Torpedoed US warship found, solving 75-year-old cold case
A private dive team has found the last American warship sunk off the US east coast in WWII - solving a 75-year-old naval cold case.
The sinking of the USS Eagle PE-56 was first deemed an accident until new evidence established it had been hit by a German submarine.
Its location remained a mystery until June 2018, when the ship was found five miles (8km) off the coast of Maine.
The Eagle lay 300ft (91m) below the surface of the Atlantic Ocean.
"This particular wreck was one of those conversations: 'wouldn't it be great if we could?'" said Ryan King, a member of the eight-person dive team.
But as Mr King began looking into the mystery-shrouded ship, finding the Eagle soon became something he "had" to do.
"It's one of those wrecks that just gets under your skin," said Mr King. "If it's not you, who else is looking?"
He and seven other divers combed the seabed for the ship for four years before it was found - 69 years after it sank to the bottom of the Atlantic, killing 49 of the 62 crew members on board.
They eventually teamed up with Gary Kozak, a specialist in undersea searches. Mr Kozak pointed the group towards several "targets" - possible GPS coordinates where the ship could be.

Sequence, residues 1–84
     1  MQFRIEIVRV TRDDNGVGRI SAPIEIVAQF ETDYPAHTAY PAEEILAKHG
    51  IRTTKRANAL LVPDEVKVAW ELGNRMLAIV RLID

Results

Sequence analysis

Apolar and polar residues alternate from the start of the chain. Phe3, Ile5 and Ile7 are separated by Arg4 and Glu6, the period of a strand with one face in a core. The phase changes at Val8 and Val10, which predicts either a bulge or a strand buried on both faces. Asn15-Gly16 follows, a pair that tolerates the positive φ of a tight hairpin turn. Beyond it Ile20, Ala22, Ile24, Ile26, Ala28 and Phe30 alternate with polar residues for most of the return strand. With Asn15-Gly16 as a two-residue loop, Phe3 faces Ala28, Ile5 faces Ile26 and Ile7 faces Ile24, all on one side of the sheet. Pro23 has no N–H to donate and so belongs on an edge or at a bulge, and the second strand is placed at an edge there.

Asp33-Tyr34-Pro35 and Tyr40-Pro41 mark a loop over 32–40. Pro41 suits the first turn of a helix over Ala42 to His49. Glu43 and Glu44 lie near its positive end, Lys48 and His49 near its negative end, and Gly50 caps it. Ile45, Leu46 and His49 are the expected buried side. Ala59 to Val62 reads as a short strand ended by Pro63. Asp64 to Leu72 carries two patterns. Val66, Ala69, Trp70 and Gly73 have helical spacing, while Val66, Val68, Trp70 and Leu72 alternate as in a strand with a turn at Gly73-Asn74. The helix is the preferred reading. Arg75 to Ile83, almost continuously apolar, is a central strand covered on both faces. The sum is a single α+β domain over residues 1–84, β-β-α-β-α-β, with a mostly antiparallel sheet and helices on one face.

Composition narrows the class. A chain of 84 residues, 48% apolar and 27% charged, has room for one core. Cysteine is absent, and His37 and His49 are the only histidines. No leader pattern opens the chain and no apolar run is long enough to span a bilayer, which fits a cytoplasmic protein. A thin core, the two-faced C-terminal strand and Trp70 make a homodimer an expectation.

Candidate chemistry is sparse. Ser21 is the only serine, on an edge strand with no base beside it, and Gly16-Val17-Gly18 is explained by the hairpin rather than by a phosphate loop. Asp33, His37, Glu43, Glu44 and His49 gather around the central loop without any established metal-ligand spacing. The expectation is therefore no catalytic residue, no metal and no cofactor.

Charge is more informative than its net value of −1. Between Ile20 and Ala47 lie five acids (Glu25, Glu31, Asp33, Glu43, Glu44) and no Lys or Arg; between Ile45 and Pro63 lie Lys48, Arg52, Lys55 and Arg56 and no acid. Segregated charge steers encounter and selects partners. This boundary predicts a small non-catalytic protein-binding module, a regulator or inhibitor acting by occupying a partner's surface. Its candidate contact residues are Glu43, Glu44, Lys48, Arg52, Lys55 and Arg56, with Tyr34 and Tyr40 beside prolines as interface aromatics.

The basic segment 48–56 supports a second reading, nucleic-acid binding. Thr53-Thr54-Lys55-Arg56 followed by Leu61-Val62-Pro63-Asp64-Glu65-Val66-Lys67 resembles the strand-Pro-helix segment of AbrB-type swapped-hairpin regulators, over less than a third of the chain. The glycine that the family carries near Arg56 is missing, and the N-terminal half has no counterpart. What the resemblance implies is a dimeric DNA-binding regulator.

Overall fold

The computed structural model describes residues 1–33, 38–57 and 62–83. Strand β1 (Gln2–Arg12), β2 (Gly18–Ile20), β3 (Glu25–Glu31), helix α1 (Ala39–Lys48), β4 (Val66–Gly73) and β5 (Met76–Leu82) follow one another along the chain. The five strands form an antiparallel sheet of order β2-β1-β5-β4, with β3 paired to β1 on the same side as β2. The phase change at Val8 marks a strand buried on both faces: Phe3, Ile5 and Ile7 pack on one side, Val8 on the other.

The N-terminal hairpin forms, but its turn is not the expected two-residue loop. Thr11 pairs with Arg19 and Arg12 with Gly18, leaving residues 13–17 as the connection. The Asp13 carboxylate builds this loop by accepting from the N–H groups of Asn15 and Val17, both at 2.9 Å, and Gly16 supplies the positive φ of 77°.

On a dive in June last year, two of the divers swam upon a "big wall of steel" at the bottom of the ocean.
"That wall turned out to be the Eagle PE-56," Mr King said, adding that he felt "just absolute awe" and that locating the ship was a team effort.
For the rest of the summer the group returned to the wreck, taking around 20 additional dives and gathering the evidence needed to prove the sunken ship was the missing Eagle. They worked closely with Robert Neyland, who leads the underwater archaeology branch of the Naval History and Heritage Command.
Mr Neyland and his team manages the approximately 3,000 American shipwrecks and 15,000 naval aircrafts worldwide.
It would take the team under four minutes to dive to the wreck, with water temperatures plunging below 40F (4C). Ascents would last up to three hours so divers could avoid decompression sickness.
This particular warship, designed by Henry Ford for WWI, was the only Eagle boat lost during combat.
Its sinking was initially blamed on a boiler explosion, despite accounts from surviving crew members, who said they had spotted a German submarine before their ship sank.
In a rare move, the Navy overturned its initial ruling after declassified German documents confirmed that the Eagle had been hit by a torpedo.
The sinking was changed to a combat loss and all of the Eagle's crew members were posthumously awarded a Purple Heart for their service.
"History was rewritten," Mr Neyland said. The discovery is invaluable recognition for the crew of the Eagle "for having their ship shot at beneath them".
This fall, the Smithsonian Channel will air its documentary "Hunt for Eagle 56", chronicling the discovery by Mr King and the diving team.
"As soon as we found the wreck we really wanted to get this story told," Mr King said. "Not our story, the story of the Eagle."
"Our hope was just to put it on a map," he added. "To put it to rest."